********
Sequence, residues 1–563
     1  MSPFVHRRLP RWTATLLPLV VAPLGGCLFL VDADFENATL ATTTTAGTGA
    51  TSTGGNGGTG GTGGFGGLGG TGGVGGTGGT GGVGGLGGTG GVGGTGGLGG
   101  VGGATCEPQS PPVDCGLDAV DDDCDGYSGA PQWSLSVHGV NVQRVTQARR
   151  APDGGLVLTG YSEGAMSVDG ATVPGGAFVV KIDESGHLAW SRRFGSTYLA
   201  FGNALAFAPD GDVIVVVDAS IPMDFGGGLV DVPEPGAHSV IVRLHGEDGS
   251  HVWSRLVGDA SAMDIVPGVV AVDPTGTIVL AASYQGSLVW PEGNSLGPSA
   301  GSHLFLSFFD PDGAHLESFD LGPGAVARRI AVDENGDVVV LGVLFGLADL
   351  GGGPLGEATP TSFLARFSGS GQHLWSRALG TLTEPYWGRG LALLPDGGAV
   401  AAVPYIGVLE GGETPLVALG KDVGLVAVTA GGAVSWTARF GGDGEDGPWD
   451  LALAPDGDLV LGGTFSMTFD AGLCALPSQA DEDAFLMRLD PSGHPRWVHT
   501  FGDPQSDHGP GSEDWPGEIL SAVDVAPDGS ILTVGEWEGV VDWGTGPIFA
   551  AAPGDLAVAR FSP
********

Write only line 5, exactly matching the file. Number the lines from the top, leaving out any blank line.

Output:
   151  APDGGLVLTG YSEGAMSVDG ATVPGGAFVV KIDESGHLAW SRRFGSTYLA